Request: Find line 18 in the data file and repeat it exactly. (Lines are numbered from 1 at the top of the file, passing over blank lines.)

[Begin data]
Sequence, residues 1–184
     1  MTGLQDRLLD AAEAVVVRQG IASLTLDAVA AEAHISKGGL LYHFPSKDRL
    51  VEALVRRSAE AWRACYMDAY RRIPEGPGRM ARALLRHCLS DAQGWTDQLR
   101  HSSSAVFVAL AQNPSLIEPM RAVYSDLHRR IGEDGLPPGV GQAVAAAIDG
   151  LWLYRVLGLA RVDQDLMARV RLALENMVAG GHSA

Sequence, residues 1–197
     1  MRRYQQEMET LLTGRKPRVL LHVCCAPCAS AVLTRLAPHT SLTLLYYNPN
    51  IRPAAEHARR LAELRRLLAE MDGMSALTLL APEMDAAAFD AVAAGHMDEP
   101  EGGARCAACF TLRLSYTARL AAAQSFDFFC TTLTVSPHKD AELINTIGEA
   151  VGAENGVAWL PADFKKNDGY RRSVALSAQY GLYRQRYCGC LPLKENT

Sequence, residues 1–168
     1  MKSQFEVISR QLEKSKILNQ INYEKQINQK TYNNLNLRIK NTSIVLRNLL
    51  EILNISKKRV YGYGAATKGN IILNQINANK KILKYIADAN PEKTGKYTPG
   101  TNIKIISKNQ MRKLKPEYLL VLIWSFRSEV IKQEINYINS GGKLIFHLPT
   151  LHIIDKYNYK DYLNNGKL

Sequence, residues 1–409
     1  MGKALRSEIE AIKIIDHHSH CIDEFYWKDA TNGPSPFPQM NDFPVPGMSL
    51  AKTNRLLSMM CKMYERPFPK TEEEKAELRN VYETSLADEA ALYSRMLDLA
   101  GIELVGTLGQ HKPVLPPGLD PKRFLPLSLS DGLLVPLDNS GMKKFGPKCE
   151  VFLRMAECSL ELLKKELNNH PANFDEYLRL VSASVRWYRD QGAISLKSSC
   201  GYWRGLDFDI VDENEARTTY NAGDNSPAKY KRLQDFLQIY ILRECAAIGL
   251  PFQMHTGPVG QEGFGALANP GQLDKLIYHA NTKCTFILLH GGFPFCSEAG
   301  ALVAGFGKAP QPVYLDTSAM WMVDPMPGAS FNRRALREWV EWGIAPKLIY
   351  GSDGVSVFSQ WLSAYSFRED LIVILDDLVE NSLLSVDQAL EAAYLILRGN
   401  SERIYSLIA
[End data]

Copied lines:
    51  AKTNRLLSMM CKMYERPFPK TEEEKAELRN VYETSLADEA ALYSRMLDLA